The protesters want to end an amnesty introduced after Franco died on November 20th, 1975, since when no trials have been held over Spain's 1936-39 civil war or Franco's subsequent dictatorship — seen as a particularly dark chapter of the country's recent history.
Descendants of those who were killed by Franco's Nationalists are still searching for the remains of their loved ones, while monuments honouring his regime are scattered across Spain.
Among the crowd in Madrid on Sunday were many elderly people holding placards bearing the name of a parent who was a victim of the Franco regime.
“Those who are governing us now are the same as the ones who governed then,” said 62-year-old Gemma Carretero, whose father was killed in 1965.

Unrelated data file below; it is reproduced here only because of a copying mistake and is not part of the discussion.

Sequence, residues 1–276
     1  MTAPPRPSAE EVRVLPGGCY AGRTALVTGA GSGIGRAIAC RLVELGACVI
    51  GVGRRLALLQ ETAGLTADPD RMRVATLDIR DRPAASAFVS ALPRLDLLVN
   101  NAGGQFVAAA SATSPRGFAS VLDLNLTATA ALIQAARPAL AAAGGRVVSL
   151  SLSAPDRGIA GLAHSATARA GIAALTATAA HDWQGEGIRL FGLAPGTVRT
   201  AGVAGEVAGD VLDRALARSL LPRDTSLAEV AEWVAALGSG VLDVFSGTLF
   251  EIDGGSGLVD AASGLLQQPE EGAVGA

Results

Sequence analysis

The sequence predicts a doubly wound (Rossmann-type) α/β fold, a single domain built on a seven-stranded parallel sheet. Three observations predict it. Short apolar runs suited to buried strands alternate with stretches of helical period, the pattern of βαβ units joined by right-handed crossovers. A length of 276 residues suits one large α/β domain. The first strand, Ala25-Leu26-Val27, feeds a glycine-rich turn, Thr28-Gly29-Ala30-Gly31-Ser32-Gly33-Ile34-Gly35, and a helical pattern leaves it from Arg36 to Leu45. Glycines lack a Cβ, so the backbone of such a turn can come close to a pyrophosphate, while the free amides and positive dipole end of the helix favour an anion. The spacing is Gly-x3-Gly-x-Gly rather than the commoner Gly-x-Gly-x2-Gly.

She travelled 200 kilometres (120 miles) to deliver her message that “we must recognise what happened in the past and scrap the amnesty law”.
“A country that fails to reconcile with its own past will never have an easy conscience. Never,” said fellow protester Manuel Nunez, 79, who marched in memory of his father “imprisoned and gunned down on Christmas Day 1937, with 200 other Republicans”.
The anniversary of Franco's death was not observed by the main political parties, though several small commemorations by those nostalgic for the old regime have been held in Spanish towns in recent days.